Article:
As a company, where does your competitive advantage come from? Is it your manufacturing expertise, your broad distribution network? The team at Forrestor research studied this topic a few years ago and came to the conclusion that competitive advantage has shifted over time as our economy has changed. They created this graphic to explain the shift.
In the first half of the 20th century, a company’s competitive advantage was gained on the manufacturing floor. Companies like Ford, Sony and P&G invested heavily in improving their process. They learned if they could build it faster and cheaper, they would win the battle for market dominance.
Standardization was the key. Customers could have any color car, as long as it was black. Consumers accepted their limited choices to have access to products at an affordable price.
Things shifted in the middle of the century as consumers wanted access to a variety of products easily. Successful manufacturing companies realized their process didn’t end when product shipped out the door. The right distribution network could drastically reduce the final cost to the end user. Companies like Walmart and Toyota who figured out how to get products to market quickly and cheaply dominated the next 30 years.
Then along came computers and the internet. Suddenly people discovered they could conduct research and actually buy on line. The shift happened quickly. As a marketing professor in 1998, I asked my students how many would be buying some of their Christmas gifts on line that year. Only a few raised their hands. The next year the majority indicated at least some of their purchases would be online. By 2011, most experts agreed Cyber Monday outperformed Black Friday.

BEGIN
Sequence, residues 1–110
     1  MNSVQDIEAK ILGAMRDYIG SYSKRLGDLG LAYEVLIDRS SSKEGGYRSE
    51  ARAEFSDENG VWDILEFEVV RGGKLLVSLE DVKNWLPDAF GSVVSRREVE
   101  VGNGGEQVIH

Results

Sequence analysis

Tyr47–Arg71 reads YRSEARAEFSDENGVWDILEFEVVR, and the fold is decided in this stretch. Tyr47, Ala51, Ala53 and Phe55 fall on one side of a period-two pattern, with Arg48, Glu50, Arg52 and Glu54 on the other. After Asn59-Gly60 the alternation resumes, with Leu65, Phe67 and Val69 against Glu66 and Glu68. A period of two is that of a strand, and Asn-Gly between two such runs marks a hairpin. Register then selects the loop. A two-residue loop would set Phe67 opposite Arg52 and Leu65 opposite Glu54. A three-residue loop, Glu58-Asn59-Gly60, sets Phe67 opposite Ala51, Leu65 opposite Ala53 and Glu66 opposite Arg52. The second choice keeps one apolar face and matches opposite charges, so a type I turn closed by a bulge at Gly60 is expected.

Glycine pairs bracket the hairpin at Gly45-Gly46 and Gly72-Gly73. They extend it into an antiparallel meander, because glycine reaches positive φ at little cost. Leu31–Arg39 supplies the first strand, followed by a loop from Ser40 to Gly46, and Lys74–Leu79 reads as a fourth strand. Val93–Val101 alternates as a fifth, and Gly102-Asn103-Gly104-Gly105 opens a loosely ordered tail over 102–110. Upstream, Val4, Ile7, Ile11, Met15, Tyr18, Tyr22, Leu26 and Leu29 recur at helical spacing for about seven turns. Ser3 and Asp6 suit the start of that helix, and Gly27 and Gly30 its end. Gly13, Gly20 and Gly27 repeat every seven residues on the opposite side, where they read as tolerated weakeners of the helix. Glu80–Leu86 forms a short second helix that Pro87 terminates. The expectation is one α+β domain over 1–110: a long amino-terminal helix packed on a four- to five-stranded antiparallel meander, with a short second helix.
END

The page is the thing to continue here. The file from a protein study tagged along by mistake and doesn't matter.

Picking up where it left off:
In the age of information, successful companies used technology to improve their supply chain. In this era we saw the rise of Amazon and the fall of Barnes and Noble. Brick and mortar gave way to click and mortar as customers moved seamlessly between on and offline options.
Today, customers are actively engaged in the sales process, whether you want them to be or not. The voice and power of customers drives the market, as peer reviews outpace company messages in terms of influence on future customers. Making the transition to the age of the customer will require companies to spend more resources listening to, engaging with and educating customers. Social media programs, inbound marketing and targeted newsletters are now basic elements of success, the way a “just in time” inventory management approach was 40 years ago.
In the era of the customer, size is not necessarily an advantage. Listening to and engaging with your customers is something any business, of any size can do. Perhaps small business owners even have an advantage. As more nimble organizations, we can adapt to changing customer demands, as long as we are listening.
The question : Are you listening?
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